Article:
This bank holiday weekend, many people will be out on coastal headlands, hoping to catch a glimpse of whales, dolphins, porpoises, and other ocean residents.
Ireland is fast-developing an international reputation as a premium place to view these creatures.
Last month, the Irish Whale Dolphin Group (IWDG) recorded hundreds of sightings around the coast, including four humpback whales at Roches Point, in Cork Harbour, on July 28. Some 250 common dolphins were seen at Seven Heads, West Cork, and more than 100 off the Blaskets, Co Kerry.
Killer whales were spotted off Kilkee, Co Clare, and a basking shark in Dursey Sound, Co Cork. That’s a rich variety of marine mammal life.
Celtic Mist — a yacht once owned by former taoiseach Charlie Haughey, and now a research vessel for the IWDG — has been recording marine mammals all around Ireland, this summer.
Scientists and enthusiasts relish being crew members and are the envy of those who have to watch from the shore, though several commercial marine and ecotourism boats are now operating.
Pauline Kauppila, a Finnish translator and Coast Guard volunteer, who has lived on the Beara Peninsula for the past 18 years, was on board for the leg from Crosshaven, Co Cork, to Dingle, Co Kerry.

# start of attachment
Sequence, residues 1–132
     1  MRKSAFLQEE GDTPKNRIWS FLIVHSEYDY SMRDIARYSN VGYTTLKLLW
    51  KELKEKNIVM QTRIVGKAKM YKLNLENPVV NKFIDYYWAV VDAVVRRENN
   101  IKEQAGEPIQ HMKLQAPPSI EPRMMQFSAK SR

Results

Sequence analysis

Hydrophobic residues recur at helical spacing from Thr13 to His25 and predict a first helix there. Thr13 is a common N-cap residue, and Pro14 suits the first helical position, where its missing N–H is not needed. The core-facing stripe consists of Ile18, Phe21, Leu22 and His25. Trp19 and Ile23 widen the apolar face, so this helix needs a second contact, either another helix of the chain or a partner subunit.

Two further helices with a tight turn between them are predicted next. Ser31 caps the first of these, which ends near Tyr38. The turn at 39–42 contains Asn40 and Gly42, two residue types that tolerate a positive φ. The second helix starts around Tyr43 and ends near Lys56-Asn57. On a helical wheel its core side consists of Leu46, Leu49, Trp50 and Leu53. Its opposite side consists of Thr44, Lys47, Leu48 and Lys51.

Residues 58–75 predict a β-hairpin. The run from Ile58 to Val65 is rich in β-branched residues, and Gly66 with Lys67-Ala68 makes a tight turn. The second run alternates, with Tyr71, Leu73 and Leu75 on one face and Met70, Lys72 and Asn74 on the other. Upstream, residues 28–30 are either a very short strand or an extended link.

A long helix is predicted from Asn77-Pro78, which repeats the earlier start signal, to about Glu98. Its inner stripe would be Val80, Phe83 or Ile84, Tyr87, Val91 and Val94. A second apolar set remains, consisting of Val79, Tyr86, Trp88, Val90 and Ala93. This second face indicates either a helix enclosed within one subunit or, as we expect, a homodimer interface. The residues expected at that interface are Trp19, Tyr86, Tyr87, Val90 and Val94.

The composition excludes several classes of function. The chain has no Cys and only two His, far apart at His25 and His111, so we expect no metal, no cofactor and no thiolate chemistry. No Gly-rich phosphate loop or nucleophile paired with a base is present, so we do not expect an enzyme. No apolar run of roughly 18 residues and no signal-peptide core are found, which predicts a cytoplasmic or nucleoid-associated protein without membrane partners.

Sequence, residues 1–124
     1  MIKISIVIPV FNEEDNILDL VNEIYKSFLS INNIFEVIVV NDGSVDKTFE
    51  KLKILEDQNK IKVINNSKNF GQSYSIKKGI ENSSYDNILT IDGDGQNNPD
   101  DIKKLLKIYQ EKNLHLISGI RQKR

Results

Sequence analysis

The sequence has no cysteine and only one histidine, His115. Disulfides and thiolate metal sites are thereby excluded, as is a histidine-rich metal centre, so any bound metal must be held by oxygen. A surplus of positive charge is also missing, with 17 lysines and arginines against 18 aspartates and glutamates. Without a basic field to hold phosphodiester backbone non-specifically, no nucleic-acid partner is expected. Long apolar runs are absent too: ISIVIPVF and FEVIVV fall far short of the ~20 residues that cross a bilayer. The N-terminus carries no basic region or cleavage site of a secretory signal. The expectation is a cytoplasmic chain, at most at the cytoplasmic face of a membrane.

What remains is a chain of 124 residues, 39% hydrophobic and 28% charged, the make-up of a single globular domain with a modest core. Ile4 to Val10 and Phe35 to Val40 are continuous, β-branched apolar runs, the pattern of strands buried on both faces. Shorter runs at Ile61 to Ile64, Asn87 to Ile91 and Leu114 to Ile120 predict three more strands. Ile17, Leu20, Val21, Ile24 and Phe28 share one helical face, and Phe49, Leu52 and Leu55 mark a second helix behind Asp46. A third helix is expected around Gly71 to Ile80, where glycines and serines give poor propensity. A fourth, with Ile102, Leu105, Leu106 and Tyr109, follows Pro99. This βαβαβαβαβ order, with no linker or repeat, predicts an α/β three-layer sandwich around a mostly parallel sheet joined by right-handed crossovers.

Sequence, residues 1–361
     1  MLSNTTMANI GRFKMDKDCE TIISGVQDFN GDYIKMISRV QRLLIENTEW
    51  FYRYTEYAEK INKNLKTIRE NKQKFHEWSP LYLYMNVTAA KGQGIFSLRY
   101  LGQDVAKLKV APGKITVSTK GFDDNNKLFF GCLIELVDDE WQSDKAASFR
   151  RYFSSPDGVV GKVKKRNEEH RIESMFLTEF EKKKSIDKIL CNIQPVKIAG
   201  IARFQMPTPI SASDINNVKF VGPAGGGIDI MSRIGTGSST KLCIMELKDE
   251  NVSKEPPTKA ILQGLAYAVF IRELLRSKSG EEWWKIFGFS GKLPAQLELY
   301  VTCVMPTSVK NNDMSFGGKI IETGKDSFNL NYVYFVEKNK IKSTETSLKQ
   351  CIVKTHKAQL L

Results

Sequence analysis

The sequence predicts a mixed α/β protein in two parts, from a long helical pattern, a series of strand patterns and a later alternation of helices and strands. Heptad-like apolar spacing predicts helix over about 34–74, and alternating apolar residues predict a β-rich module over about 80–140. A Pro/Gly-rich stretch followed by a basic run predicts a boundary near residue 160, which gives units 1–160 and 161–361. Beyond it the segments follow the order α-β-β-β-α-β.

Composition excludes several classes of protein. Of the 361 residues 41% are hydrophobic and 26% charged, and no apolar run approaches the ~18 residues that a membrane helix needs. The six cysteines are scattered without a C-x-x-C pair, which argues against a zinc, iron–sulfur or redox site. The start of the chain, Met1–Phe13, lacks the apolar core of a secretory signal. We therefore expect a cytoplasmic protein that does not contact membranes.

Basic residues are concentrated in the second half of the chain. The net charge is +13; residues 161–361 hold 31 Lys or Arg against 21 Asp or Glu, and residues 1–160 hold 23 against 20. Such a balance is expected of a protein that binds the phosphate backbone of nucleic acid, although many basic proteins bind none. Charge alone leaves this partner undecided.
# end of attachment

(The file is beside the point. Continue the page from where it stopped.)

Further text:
With skipper Paul O’Neill at the helm, they left Crosshaven in warm sunshine, on a Monday morning, and arrived in Dingle the following Saturday, having enjoyed the spectacular coastline.
Sightings of common dolphins and porpoises were recorded on their first afternoon, before they glided into Castletownshend and dropped anchor for the night.
In her diary on the IWDG website, Pauline noted this part of the journey gave them the first chance to switch off the engine and rely on sails, which she described as a magical experience.
They also met other whale-watching boats and were soon sailing around the Fastnet lighthouse.
On Wednesday, they saw minke whales and a few Risso’s dolphins, before making it to Castletownbere for the night. On Friday, after they passed Blackball Head tower and beyond Dursey, visibility became poor and they could not see the Bull Rock in thick fog and drizzle.
But the weather again changed, for the better. “Luckily, by the time we got to the Skelligs, the weather had completely cleared and we could enjoy these spectacular islands in all their otherworldly glory, with only puffins, gannets, and other seabirds for company,” wrote Pauline.
“I have rarely felt as fortunate as I did while our beautiful boat sailed slowly right by this unique and mystical place. The memory of that will stay with me forever.”